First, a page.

Currently, all garlic planted for commercial growing operations comes from cloves, also called seed, seed garlic or seed stock. Garlic is divided into two different categories: hardneck or topset (ophioscorodon) and softneck or artichoke (sativum). Most garlic grown in Oregon is softneck and is produced as seed garlic for planting in California, Nevada and other states. Most is grown for the dehydration industry, with excess seed stock sold as fresh garlic.
Two types of silverskin garlic are commonly grown in Oregon for seed stock, California Early and California Late. 1,600 to 2,000 pounds of California Early and between 1,400 to 1,700 pounds of California Late cloves are planted per acre in the early fall. Seed garlic grown in cooler climates like Central Oregon is more vigorous when planted in California than seed stock grown there. Production of garlic from true seed has been researched, but true seed is not used in commercial growing operations.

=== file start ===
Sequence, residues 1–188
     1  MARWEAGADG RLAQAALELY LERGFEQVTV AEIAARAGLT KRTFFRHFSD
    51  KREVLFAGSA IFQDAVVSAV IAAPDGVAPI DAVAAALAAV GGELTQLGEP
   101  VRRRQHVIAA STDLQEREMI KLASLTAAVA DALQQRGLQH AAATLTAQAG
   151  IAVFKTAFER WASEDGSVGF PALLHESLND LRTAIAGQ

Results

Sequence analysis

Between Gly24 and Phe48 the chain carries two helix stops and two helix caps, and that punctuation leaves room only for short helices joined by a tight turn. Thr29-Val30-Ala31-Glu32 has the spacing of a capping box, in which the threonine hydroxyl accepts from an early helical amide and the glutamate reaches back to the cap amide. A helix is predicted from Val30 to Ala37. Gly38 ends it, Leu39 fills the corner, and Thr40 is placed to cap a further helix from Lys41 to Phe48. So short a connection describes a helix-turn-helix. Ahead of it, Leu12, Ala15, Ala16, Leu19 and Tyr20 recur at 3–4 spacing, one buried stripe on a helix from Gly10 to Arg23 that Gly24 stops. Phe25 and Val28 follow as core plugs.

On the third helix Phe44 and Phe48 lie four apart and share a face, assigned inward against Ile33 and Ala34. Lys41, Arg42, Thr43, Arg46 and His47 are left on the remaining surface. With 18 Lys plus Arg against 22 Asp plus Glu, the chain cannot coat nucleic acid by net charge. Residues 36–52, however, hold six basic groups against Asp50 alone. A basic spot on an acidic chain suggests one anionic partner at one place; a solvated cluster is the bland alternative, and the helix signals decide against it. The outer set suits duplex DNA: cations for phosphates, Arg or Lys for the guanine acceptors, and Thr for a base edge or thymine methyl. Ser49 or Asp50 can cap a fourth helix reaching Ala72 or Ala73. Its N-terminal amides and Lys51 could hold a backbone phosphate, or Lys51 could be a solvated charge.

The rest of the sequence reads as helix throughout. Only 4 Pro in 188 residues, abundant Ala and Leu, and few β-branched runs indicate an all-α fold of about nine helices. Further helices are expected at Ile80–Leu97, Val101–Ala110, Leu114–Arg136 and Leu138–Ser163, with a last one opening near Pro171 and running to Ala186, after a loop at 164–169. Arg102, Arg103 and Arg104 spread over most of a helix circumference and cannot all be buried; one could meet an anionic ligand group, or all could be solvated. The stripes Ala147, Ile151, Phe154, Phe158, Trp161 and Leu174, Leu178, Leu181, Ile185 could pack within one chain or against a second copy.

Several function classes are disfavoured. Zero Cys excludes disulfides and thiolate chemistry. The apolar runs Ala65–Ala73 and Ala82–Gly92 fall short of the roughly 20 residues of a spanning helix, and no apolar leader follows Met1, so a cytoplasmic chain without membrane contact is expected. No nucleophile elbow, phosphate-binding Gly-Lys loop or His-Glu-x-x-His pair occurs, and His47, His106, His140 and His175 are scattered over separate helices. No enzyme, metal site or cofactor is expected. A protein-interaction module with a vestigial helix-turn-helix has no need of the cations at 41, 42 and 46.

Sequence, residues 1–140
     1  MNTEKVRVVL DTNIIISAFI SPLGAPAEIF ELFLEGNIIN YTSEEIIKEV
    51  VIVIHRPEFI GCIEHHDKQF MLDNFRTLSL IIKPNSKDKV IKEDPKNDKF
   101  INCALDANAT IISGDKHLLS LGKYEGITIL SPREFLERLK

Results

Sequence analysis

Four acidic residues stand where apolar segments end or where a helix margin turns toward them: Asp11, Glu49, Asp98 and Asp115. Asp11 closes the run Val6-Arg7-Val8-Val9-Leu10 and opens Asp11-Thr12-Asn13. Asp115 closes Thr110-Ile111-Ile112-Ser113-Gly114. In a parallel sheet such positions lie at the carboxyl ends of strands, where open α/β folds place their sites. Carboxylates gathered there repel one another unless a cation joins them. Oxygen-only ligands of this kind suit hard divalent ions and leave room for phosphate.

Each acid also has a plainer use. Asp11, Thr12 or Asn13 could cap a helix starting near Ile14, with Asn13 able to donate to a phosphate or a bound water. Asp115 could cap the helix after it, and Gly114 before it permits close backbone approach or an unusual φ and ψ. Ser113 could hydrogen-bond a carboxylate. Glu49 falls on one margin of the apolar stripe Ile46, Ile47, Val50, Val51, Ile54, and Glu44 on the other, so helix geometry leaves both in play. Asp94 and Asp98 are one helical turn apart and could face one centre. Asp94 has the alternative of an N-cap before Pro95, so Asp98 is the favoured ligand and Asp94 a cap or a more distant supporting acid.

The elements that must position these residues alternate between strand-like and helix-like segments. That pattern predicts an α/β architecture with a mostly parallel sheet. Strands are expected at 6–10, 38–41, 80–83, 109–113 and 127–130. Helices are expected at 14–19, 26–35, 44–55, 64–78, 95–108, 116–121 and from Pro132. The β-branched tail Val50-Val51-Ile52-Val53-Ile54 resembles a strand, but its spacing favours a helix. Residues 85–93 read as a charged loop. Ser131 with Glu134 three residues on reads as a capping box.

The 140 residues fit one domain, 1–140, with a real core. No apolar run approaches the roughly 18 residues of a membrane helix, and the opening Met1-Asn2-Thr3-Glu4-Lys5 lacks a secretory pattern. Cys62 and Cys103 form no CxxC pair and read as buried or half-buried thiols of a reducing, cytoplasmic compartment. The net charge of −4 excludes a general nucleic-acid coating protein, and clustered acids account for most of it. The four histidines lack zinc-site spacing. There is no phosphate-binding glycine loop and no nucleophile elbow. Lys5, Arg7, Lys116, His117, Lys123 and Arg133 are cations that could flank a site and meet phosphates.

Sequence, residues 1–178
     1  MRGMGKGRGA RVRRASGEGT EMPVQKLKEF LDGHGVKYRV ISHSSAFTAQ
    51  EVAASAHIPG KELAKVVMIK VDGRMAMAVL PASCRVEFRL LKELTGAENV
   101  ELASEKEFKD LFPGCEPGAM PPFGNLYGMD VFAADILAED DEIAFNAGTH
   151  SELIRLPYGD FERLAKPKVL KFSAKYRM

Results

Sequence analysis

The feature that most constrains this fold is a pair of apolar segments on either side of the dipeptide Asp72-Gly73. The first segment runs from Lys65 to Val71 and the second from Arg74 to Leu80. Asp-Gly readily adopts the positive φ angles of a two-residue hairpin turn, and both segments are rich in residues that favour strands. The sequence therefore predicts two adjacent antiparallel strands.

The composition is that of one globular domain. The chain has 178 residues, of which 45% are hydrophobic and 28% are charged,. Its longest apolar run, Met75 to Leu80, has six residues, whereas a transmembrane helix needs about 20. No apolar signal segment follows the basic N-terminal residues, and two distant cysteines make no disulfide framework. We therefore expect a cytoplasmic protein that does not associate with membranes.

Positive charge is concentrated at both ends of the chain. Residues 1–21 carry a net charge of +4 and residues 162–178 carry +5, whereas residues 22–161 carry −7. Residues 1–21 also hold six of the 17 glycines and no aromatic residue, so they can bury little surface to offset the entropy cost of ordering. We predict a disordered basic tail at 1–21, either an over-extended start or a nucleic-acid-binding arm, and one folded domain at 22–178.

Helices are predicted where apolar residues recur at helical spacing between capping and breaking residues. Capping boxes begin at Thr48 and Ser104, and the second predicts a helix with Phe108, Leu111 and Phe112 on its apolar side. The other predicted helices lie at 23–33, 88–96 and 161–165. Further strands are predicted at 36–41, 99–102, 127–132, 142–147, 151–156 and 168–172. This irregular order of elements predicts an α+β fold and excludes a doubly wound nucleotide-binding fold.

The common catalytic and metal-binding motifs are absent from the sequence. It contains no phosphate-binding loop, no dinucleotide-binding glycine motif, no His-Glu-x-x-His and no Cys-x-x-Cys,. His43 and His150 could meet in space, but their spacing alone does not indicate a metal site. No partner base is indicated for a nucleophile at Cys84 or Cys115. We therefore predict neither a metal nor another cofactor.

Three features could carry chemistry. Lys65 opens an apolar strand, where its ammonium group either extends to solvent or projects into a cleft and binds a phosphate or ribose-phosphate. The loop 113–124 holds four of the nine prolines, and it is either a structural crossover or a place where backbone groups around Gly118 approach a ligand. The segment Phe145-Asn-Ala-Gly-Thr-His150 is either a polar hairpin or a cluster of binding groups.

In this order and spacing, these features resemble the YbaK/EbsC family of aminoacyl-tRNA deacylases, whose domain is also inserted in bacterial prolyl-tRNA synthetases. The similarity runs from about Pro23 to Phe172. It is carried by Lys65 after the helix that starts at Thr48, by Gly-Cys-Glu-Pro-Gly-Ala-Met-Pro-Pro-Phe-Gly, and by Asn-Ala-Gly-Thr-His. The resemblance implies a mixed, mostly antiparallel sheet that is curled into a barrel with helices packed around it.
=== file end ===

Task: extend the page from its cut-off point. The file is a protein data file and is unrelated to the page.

Garlic is ready to harvest by mid-July, when the tops begin to dry and bend toward the ground. Harvest includes topping and digging the garlic. It is placed in curing shelters or kept in the field for final curing. After curing, the garlic is transported to the dehydration facility in 30,000 to 40,000 pound truckloads.
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- Garlic is believed to ward off heart disease, cancer, the flu and colds. It also helps lower blood cholesterol levels and reduces the buildup of plaque in your arteries.
- Ancient Greek and Roman brides carried a bouquet of garlic and herbs.
- Garlic’s strong flavor is due to a chemical reaction that occurs when its cells are broken. Crush garlic for the most intense flavor.
- If your roses are being attacked by aphids, mix crushed garlic with water and spray the leaves and blooms with the mixture.
- Mediterranean field workers would rub their lips and noses with garlic to help prevent sunburn.
- Hippocrates used garlic with opium to treat infections and as a painkiller during early surgical amputations.